- A group under the banner of #PutSouthAfricansFirst marched to the Nigerian Embassy in Pretoria on Thursday.
- The group of about 50 people demanded that human trafficking and the drug trade stop in SA, which they pinned solely on Nigerian nationals.
- The Nigerian High Commissioner to South Africa Kabiru Bala met the protesters and heard them out, but said that he refused to accept that all Nigerians in South Africa are criminals.
The Nigerian High Commissioner to South Africa Kabiru Bala stood his ground on Wednesday refusing to accept that all his compatriots living in the country were criminals, after a small group marched to the embassy in Pretoria accusing Nigerian nationals of being solely responsible for human trafficking and the drug trade in South Africa.
A group of no more than 50 people, under the banner of #PutSouthAfricansFirst, marched to the Nigerian Embassy on Wednesday.
The small group – made up of different civil society organisations, as they called themselves – marched from Church Square in the centre of the Pretoria to the CBD, singing struggle songs as they made their way to the embassy.
Once at the embassy, the different groups took turns in addressing Bala on a long list of grievances, that included human trafficking and the drug trade in the country.
The groups pinned these crimes on Nigerian nationals living in South Africa.
Action for Change founder Nandisa Gcshwari said they were marching in protest against human trafficking and child abduction and that, while the perception was that they were being xenophobic, the march was merely about protecting women and children.
“We are taking a stand to say enough is enough. Our government must take a stand [and] they must stop being biased,” Gcshwari said.
When asked why Nigerian nationals were being solely targeted in the protest, Gcshwari claimed that there was enough “evidence” and that Nigerians were “known” for trafficking and abduction.
President of the Khoisan Revolutionary Party Stanley Peterson said some South African women were being used as sex workers.
“You must send out a message to Nigerians to stop what they are doing,” Peterson said.
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Peterson added that asylum seekers and refugees from Nigeria were welcome in the country, but that nationals who entered the country illegally needed to be deported.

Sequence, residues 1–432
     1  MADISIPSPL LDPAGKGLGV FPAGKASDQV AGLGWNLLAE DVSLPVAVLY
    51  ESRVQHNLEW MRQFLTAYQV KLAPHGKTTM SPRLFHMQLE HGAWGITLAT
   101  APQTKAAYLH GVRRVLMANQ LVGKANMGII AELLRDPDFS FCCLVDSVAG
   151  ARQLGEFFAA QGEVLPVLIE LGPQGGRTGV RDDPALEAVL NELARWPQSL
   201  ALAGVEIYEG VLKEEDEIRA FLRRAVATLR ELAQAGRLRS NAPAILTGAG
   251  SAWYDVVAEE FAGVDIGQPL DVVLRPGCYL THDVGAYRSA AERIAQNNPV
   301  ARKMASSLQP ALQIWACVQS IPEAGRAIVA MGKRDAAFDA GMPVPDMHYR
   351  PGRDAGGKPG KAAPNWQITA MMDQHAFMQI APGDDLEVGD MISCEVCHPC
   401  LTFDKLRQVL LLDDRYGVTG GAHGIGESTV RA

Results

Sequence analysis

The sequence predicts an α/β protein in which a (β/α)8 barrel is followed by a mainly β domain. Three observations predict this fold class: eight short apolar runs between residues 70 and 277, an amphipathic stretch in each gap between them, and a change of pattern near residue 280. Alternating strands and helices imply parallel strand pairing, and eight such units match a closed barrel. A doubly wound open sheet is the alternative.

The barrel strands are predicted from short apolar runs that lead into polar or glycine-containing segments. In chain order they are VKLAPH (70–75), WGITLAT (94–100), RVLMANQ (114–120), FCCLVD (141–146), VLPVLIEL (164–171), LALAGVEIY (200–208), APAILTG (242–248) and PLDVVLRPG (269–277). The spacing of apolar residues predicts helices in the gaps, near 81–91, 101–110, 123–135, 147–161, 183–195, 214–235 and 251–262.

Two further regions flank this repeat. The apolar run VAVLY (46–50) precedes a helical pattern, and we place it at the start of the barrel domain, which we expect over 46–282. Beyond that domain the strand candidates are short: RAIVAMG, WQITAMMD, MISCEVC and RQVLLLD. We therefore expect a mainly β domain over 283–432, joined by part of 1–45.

This did not sit well with some of the group, who said all Nigerians should return to their country of birth. Mario Khumalo, who marched with Agents of Change, addressed the ambassador and accused Nigerians of not being well mannered, and disrespecting South African sovereignty. He said Nigerians were “running amok” in South Africa.
“We are here to give a clear message. We will not allow people to take advantage of us. This is a clear message to you and your people. It must stop,” Khumalo said.
Many Nigerians doing good in South Africa
Bala responded by telling the protesters that they appeared to only target Nigerians and that it saddened him that his country was being singled out. He said the protesters had a right to voice their issues, but that he had a right to disagree.
“We don’t accept the profiling of Nigerians in this country,” Bala said.
He added that he would never accept that all Nigerians in South Africa were criminals. He said there were many Nigerians doing good for the country and that those accused of being criminals should be dealt with through the legal system.
“I accept that there are Nigerians doing bad things, but you cannot tell me that they all criminals,” Bala said.Bala was interrupted several times while addressing the group.
He pushed on and said Nigeria would never accept any Nigerian who committed crime and reiterated that those who were accused of doing crime should be taken to court and put on trial. One member of the group said that, if Bala did not listen to their grievances, he would deal with Nigerian nationals in a different way.
The same man had also told reporters that he would support violence against foreign nationals, as “it’s the only language they understand.”
Facts vs perception
Senior researcher for the International Crime in Africa Programme at the Institute for Security Studies Martin Ewi said the decision to solely blame Nigerians for human trafficking and the drug trade in South Africa was not supported by the facts.
Ewi said the organised crime landscape was dominated by both foreigners and South Africans. He added that Nigerians being removed from South Africa was not a solution.
“If you take away Nigerians, will you solve the problem of drugs and human trafficking? The answer is no,” Ewi said. “Drugs and human trafficking were a problem before Nigerians started coming to South Africa.
“The data shows a market which is very crowded by many nationalities, so you can’t point fingers at one group and thinking you will solve the problem.”